Institutional investors engage on corporate governance concerns through the Association of Institutional Investors (API), renamed from the Investor Protection Association (IPA) in 2015. The API, whose members include Prosperity, UFG and most of Russia’s biggest portfolio managers, has been involved in a number of scraps over the years with state companies, such as Rosneft and Transneft, and oligarchs like Mikhail Prokhorov and Oleg Deripaska, but has generally came off the worse. 

The group was originally set up in 1999 in response to the abuse of minority shareholders at Yukos. Compared with similar bodies in Western markets, the API just doesn’t have the teeth or the adequate public profile to fight its corner effectively.

Representing 30 members with about $30bn in assets, the API has done some good work under the radar and says it has been involved in appointing about 500 independent directors to almost 200 companies.

A leading investor in Russian equities for the past 20 years said the wider investment universe wasn’t aware of the strides being made. “Russian governance and boardroom practises has come in from the Caveman era but there is still a lot to be done,” the investor told bne IntelliNews. "The index still has its big corporate governance dogs, like Gazprom and Transneft, but there are others that don't bite like Sberbank and Magnit."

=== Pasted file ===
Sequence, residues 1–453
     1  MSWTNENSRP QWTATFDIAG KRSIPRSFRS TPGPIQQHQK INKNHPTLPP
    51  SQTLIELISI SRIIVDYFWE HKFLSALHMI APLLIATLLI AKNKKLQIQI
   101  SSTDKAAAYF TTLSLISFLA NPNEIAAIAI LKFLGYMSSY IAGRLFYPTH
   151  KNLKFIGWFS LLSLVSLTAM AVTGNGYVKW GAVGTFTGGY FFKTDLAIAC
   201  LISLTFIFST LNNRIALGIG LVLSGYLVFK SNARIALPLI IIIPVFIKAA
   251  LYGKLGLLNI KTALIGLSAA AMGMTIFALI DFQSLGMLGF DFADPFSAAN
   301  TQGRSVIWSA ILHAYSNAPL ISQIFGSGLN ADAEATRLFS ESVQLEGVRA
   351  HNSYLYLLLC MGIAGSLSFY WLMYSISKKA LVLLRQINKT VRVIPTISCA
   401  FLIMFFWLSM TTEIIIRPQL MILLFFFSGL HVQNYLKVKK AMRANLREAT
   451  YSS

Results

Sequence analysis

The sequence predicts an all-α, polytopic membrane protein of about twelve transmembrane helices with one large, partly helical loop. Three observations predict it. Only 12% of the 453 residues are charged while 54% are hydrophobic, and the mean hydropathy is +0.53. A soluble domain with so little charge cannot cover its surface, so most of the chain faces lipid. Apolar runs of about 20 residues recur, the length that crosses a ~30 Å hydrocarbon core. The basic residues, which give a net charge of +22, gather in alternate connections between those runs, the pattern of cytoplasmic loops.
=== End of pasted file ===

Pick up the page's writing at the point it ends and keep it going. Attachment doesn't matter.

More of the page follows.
Being a businessman or a banker in Moscow in the 1990s - and even the noughties - was a dangerous occupation. A prominent central banker Andrey Kozlov was shot dead in 2006 after trying to shut down corrupt lenders, while other chief executives were blown up in carbombs. Guns and baseball bats were more likely to be brandished in boardrooms spats than balance sheets and analyst reports. 

While Russian corporate governance has improved, some investors are still nursing wounds from the most spectacular abuses over the past 20 years.

“Menatep/Yukos isn’t that long ago, not are the aluminium wars or the rather tasty situation around post-Soviet telecommunications,” Paddy Blewer, head of communications for energy trader Peninsula Petroleum, told bne IntelliNews. “Many of the London GDR (global depositary receipt) transactions were overseas because of the perception that this would be a more secure investment window than Moscow; that the Kremlin would not allow competitive Russian interests to screw over international investors.”